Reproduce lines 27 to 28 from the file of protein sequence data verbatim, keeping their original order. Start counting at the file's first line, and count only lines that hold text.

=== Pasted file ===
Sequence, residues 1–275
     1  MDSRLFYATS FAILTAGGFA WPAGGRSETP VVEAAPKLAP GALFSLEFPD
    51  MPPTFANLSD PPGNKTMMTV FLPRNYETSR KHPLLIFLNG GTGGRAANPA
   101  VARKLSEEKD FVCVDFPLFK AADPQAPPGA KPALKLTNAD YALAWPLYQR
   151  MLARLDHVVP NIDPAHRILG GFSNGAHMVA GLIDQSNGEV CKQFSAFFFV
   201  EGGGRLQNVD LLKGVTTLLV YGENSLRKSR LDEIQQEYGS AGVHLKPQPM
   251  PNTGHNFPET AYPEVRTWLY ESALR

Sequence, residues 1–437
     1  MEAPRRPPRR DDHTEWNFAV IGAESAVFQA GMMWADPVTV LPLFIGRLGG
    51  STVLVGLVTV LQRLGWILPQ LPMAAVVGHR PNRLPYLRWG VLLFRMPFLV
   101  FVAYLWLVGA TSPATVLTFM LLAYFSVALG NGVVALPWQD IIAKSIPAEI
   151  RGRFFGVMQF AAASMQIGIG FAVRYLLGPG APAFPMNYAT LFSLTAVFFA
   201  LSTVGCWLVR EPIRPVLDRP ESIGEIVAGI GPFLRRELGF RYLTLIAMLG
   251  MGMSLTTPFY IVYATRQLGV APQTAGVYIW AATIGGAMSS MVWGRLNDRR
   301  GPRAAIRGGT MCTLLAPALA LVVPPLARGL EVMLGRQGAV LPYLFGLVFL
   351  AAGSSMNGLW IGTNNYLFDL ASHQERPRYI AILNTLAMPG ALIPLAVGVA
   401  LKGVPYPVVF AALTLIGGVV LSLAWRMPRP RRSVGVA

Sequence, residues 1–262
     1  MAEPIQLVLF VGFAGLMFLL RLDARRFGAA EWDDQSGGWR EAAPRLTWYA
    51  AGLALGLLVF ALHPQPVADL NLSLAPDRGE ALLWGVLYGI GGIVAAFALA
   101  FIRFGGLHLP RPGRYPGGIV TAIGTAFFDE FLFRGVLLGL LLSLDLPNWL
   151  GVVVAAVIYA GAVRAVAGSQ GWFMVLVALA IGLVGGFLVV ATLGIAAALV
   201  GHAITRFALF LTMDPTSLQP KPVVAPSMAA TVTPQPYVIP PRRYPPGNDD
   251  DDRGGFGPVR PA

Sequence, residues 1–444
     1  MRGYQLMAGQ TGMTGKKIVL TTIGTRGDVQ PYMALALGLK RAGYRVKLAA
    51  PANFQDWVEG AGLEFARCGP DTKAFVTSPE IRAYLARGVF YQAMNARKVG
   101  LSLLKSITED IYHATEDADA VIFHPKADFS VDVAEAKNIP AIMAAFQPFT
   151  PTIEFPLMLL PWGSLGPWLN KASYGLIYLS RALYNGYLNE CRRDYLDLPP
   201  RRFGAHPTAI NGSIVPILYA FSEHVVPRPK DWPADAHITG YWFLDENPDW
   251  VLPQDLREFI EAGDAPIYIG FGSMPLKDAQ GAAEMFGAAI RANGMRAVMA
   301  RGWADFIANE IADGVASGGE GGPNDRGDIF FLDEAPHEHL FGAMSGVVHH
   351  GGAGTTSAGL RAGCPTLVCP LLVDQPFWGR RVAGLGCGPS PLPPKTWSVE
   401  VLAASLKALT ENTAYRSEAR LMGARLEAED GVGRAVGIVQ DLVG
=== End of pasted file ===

    51  PANFQDWVEG AGLEFARCGP DTKAFVTSPE IRAYLARGVF YQAMNARKVG
   101  LSLLKSITED IYHATEDADA VIFHPKADFS VDVAEAKNIP AIMAAFQPFT